US consumer watchdog starts sniffing around tech giants' use of your spending data

Amazon, Apple, Facebook, Google, PayPal, Square under investigation


America's Consumer Financial Protection Bureau (CFPB) said on Thursday it is probing some of the biggest names in the electronic payments industry, requesting detailed information from them on how they collect and use people's spending data.

A strings of demands was issued by the government watchdog to Amazon, Apple, Facebook, Google, PayPal, and Square, said CFPB Director Rohit Chopra, and more could be sent to others. In addition, the agency is also looking into Chinese payment providers WeChat Pay and Alipay, saying the duo are "combining messaging, e-commerce and payment functionality into super-apps," which America's internet goliaths may try to imitate.

“Big Tech companies are eagerly expanding their empires to gain greater control and insight into our spending habits,” said Chopra in a statement [PDF]. “We have ordered them to produce information about their business plans and practices.”

Chopra, who in his previous role as a commissioner at the FTC was highly critical of the lack of competition in the tech sector, was only sworn as bureau boss in earlier this month, and has hit the ground running. This requested data will be vital in designing competition rules to govern the next decade of payments regulation, he added.

And he wants a lot of it. Chopra said he wanted the agency to make sure America's consumer protections are being applied to payment system data; to find out how companies were using all this spending and personal info to inform their business plans; to whom they are selling the information; and to make sure folks and businesses have a genuine choice of payment provider. The issued orders [PDF] have a very wide remit.

Reining in some of the more monopolistic excesses of the US tech sector might well be something that's popular with both Republicans and Democrats. The Biden administration has actively recruited a host of antitrust-keen officials, including Chopra's former aide Lina Khan, who's now head of the FTC, an appointment Amazon and Facebook publicly opposed.

The Electronic Transactions Association (ETA), a lobbying group whose directors include staff at Apple and Google, said it will "look forward to working with Director Chopra" in the agency's investigations.

"One of the hallmarks of the digital transactions industry is protection of consumer data," commented ETA CEO Jodie Kelley in a statement.

"From encryption to tokenization, we devote enormous resources to keeping digital transactions secure. The digital transactions industry has a good story to tell about its efforts to protect consumer data." ®


Other stories you might like

  • Meg Whitman – former HP and eBay CEO – nominated as US ambassador to Kenya

    Donated $110K to Democrats in recent years

    United States president Joe Biden has announced his intention to nominate former HPE and eBay CEO Meg Whitman as Ambassador Extraordinary and Plenipotentiary to the Republic of Kenya.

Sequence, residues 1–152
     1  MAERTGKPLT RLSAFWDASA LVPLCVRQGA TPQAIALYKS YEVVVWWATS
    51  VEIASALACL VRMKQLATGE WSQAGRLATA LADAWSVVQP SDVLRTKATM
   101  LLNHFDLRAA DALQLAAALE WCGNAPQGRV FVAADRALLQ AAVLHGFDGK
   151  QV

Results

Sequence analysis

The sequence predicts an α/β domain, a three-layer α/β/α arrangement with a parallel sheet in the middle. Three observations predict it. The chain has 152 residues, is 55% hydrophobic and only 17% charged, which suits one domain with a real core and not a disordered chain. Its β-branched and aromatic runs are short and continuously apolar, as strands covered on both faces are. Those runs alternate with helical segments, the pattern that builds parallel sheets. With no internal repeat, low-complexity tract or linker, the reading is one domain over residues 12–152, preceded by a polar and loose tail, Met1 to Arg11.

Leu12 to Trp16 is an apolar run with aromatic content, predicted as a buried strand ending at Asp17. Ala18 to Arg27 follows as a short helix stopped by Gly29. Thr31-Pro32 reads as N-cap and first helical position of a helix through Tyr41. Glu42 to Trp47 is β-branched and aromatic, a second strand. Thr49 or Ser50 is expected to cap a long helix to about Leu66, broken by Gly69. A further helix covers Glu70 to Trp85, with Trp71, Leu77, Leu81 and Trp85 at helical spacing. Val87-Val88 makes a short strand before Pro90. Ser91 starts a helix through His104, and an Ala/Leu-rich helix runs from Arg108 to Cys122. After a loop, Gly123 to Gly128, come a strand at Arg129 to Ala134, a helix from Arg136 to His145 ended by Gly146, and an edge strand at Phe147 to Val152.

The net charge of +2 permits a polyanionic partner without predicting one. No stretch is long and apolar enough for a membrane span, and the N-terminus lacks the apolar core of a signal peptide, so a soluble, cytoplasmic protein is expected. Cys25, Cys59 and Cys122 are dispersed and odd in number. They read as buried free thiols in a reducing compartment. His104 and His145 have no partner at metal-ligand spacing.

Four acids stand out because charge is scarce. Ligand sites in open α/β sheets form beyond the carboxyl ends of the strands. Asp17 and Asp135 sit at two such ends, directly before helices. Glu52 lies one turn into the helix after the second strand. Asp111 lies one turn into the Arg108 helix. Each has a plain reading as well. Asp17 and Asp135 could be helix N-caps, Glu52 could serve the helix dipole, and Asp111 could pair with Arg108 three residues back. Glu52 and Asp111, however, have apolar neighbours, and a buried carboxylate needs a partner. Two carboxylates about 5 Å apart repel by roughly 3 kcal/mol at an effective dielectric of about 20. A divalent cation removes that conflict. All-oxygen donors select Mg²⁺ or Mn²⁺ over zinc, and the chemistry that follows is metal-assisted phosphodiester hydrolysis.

The Biden administration's announcement of the planned nomination reminds us that Whitman has served as CEO of eBay, Hewlett Packard Enterprise, and Quibi. Whitman also serves on the boards of Procter & Gamble, and General Motors.

    The announcement doesn't remind readers that Whitman has form as a Republican politician – she ran for governor of California in 2010, then backed the GOP's Mitt Romney in his 2008 and 2012 bids for the presidency. She later switched political allegiance and backed the presidential campaigns of both Hillary Clinton and Joe Biden.

    Continue reading
  • Ex-Qualcomm Snapdragon chief turns CEO at AI chip startup MemryX

    Meet the new boss

    A former executive leading Qualcomm's Snapdragon computing platforms has departed the company to become CEO at an AI chip startup.

    Keith Kressin will lead product commercialization for MemryX, which was founded in 2019 and makes memory-intensive AI chiplets.

    The company is now out of stealth mode and will soon commercially ship its AI chips to non-tech customers. The company was testing early generations of its chips with industries including auto and robotics.

    Continue reading
  • Aircraft can't land safely due to interference with upcoming 5G C-band broadband service

    Expect flight delays and diversions, US Federal Aviation Administation warns

    The new 5G C-band wireless broadband service expected to rollout on 5 January 2022 in the US will disrupt local radio signals and make it difficult for airplanes to land safely in harsh weather conditions, according to the Federal Aviation Administration.

    Pilots rely on radio altimeter readings to figure out when and where an aircraft should carry out a series of operations to prepare for touchdown. But the upcoming 5G C-band service beaming from cell towers threatens to interfere with these signals, the FAA warned in two reports.

    Flights may have to be delayed or restricted at certain airports as the new broadband service comes into effect next year. The change could affect some 6,834 airplanes and 1,828 helicopters. The cost to operators is expected to be $580,890.

    Continue reading

Biting the hand that feeds IT © 1998–2021